Filipinos Seen To Pay More Taxes In 2009

Written by IBON Media
As government fails to resolve its fiscal crisis in 2008 and faces a severe deficit problem, the prospect of more burdensome taxes and shrunken social services looms in 2009, says research group IBON Foundation.
The Philippine government, like last year, will scramble to raise revenues in the quickest way possible. This deficit scenario has nothing to do with the global crisis and is due to the government’s poor revenue performance and distorted spending priorities.

Increasing the tax burden on the people is crucial for the Arroyo government. Last year, oil price increases have resulted in a de facto new tax burden of over P19 billion– or the oil price-induced “windfall” gain in tax revenues– bringing RVAT take on oil up to around P80 billion for the whole year.

This year, the administration is aiming to put an additional tax burden of P12-25 billion through a uniform excise tax on tobacco and alcohol products, or the so-called sin taxes. It is also possible that the “rationalization” of fiscal incentives, by restricting tax- and duty-free incentives to exporters and big-ticket investors, will effectively add to the tax burden of domestically-oriented Filipino small and medium enterprises (SMEs).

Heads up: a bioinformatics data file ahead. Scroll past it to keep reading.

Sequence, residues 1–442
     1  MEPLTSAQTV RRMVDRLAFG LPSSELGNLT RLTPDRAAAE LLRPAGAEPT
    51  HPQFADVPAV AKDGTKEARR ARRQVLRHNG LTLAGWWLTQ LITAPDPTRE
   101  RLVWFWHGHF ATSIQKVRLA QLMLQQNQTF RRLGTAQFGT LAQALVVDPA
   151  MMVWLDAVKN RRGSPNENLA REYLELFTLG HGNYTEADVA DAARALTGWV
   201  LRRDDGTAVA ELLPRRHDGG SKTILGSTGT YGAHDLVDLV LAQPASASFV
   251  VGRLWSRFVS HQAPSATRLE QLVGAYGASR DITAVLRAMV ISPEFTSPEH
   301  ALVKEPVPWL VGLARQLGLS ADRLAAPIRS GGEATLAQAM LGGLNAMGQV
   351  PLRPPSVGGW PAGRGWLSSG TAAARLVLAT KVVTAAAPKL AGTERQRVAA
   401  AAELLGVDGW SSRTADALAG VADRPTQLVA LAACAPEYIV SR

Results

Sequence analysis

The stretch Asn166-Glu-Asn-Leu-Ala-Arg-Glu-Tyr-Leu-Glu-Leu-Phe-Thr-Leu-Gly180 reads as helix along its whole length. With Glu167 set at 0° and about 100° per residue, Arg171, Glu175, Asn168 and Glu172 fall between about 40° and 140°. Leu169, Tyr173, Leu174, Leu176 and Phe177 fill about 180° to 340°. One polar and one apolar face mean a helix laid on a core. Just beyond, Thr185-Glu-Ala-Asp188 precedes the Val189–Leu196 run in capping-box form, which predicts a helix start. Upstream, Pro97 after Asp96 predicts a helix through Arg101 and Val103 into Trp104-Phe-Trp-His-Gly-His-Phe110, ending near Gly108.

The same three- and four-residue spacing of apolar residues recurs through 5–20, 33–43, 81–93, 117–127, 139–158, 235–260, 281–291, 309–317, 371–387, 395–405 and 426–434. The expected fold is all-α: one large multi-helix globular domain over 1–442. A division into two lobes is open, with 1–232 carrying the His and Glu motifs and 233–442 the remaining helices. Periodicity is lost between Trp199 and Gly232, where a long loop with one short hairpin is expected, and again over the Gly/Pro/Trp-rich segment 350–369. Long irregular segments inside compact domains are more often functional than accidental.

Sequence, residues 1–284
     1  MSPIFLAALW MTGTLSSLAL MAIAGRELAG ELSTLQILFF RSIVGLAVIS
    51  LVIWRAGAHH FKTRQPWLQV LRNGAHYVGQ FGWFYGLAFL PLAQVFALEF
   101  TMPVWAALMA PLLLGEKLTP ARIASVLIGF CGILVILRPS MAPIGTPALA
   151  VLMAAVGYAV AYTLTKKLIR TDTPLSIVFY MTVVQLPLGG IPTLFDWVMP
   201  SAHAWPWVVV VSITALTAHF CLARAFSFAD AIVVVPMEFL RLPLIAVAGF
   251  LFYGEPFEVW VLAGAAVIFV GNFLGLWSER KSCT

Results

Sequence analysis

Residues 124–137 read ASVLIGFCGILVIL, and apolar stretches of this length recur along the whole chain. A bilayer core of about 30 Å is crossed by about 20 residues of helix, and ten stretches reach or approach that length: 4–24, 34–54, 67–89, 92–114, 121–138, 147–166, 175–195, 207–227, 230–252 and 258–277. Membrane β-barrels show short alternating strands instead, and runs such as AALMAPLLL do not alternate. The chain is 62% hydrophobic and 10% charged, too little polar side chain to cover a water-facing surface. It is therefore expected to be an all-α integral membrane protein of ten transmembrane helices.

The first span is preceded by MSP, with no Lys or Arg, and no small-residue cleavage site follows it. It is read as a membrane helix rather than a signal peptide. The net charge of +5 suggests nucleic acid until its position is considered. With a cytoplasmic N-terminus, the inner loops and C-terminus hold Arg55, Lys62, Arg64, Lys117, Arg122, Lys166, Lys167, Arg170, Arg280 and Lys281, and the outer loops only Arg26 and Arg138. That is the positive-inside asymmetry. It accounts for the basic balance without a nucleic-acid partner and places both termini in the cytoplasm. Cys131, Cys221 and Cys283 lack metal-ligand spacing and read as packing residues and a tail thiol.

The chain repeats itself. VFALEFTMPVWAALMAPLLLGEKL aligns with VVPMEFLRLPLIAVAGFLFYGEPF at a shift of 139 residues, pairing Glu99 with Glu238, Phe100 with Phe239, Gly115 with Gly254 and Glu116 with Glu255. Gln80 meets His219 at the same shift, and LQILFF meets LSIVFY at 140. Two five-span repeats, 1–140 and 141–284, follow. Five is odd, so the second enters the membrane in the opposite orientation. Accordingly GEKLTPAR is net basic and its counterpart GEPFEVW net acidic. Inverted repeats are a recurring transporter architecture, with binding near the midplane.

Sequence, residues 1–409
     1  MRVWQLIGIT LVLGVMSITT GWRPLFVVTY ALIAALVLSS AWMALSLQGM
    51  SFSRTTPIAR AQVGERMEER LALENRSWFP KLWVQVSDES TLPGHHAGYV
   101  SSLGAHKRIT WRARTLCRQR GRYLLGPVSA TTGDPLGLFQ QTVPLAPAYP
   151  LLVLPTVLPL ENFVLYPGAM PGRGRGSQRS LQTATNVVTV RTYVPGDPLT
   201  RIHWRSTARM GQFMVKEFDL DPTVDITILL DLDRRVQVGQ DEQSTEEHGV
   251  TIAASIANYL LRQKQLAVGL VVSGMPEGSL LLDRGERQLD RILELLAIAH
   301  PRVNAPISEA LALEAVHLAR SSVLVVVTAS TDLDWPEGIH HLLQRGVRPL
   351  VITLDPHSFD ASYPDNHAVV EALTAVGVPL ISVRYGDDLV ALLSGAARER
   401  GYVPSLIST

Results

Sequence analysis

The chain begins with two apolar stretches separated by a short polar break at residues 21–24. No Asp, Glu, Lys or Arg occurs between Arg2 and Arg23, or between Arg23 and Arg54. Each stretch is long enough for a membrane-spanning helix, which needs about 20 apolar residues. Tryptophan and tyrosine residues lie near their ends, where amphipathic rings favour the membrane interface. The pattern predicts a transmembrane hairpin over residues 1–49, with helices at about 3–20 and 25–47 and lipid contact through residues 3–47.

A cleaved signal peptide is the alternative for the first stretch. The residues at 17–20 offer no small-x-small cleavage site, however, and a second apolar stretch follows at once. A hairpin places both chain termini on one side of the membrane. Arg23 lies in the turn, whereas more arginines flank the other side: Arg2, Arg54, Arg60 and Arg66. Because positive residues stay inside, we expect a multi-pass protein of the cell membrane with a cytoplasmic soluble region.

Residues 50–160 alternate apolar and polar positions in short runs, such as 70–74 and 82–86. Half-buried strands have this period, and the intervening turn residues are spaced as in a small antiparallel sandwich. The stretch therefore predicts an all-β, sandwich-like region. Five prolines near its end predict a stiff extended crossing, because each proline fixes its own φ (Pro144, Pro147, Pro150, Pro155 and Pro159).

In 2008, the administration has failed to improve revenue collection, where total revenue growth of 8.1% in the January-August 2008 period has been even slower than nominal year-on-year growth in gross national product (GNP) of 12.5% in the first semester. This is far short of the 13.5% rate, without privatization, targeted for 2008.

It is also not far from the 8.2% average annual revenue growth rate in the pre-VAT period 2000-2004. This implies that there has been virtually no improvement in revenue efficiency and that increased revenues have been due largely to the imposition of the regressive VAT and one-shot privatization.

The government is not addressing the most important sources of deficit pressures (i.e. revenues undermined by corruption and liberalization, unproductive debt service, etc.) and stubbornly continues to target a balanced budget at the expense of heavier burden for the Filipino majority. (end)

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